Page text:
‘Working’ is a musical adaptation of Studs Terkel’s 1974 book with interviews from a cross-section of individuals talking about their jobs. Some people go to see musicals to escape all thoughts of their 9 to 5. But in this musical, working life is exactly what you’re confronted with.
Given our political climate and the people that currently dominate our news stories, it is a welcome change to hear from everyday workers who we may see now and then but seldom hear from. From the school teacher and the flight attendant to the elder care worker and the tech support worker.
Through a series of separate monologues and songs, the show provides us with a range of unfiltered thoughts. An Ironworker (Kris Marc Joseph) for example laments the fact that their contribution to developing buildings is barely ever recognised. Or a hedge fund manager (Mikey Wooster) provides a staunch defence of capitalism and critiques government regulators. It’s a credit to the performers that as each new worker is introduced, each actor convincingly occupies the skin of those who they are portraying. Although there is little room for character development, it still feels as if we get to know each individual intimately.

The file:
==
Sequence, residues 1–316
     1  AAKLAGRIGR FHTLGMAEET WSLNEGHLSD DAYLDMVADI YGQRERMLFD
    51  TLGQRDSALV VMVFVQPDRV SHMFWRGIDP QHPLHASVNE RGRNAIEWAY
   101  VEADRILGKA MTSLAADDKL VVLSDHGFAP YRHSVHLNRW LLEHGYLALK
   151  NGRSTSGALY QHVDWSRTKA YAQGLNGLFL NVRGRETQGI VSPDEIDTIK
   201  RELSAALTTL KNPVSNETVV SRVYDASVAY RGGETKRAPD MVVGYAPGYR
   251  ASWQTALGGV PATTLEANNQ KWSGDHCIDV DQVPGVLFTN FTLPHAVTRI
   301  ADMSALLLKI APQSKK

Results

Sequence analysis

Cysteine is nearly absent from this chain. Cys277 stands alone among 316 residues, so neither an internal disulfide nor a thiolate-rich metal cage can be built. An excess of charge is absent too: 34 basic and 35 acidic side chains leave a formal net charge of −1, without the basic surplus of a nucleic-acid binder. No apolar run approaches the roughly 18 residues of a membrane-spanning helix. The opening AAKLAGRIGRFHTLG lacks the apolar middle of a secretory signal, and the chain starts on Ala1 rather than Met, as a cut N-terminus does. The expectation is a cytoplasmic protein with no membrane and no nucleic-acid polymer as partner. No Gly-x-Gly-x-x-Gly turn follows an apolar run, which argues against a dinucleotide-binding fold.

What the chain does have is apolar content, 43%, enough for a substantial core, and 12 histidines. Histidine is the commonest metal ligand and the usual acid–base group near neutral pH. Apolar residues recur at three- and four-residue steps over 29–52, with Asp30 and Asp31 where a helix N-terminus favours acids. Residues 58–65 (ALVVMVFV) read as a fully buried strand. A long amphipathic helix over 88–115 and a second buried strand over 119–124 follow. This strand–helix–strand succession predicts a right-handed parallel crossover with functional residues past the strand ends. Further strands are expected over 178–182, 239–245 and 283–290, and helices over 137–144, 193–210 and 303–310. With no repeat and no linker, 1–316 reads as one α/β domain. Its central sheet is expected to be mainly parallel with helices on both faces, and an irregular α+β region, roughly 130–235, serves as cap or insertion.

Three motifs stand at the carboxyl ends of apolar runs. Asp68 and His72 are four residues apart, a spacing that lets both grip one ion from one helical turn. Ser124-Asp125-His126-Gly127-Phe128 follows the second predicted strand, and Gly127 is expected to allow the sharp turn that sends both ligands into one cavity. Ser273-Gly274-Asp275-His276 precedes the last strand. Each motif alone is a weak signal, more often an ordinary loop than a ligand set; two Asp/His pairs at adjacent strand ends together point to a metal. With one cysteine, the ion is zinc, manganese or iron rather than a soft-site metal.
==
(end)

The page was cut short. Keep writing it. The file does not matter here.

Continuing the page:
Beyond the performances, Hi Impact have fashioned a visually interesting piece. Against a scaffolding backdrop, the eight principal actors wear white and denim and simply use a distinct prop or costume to tell the stories of 25 different workers. The actors often sit within distinct sections of the scaffolding and the lighting design subtly highlights the connections and crossovers between the characters layered within the text.
The show really starts to come alive during the musical numbers, thanks to Director/Choreographer, Amanda Noar and her inventive dance sequences. In the number ‘Delivery’, the ensemble cast animates the separate parts of a moving bicycle as the boy delivers a fast food order. Or in Cleanin’ Women, there’s some dynamic ‘mop’ – ography as the female members of the cast unite to sing the anthem song.
Stylistically, it’s hard to place the music as Stephen Schwartz in collaboration with Nina Faso brought in a range of composers to contribute to the score. The credited songwriters include Craig Carnelia, James Taylor and most recently Lin-Manuel Miranda when the show was reworked in 2011.
At a running time of two hours, is the material alone engaging enough to hold the attention of all audience members right to the end? That’s debatable. But thanks to Hi Impact Theatre Company and the talented ensemble cast, they’ve certainly created a piece which is well worth seeing.
Working: A Musical runs at the Upstairs at the Gatehouse from 10 – 22 September 2019 at the time writing.
Photo Credit: Colin Allen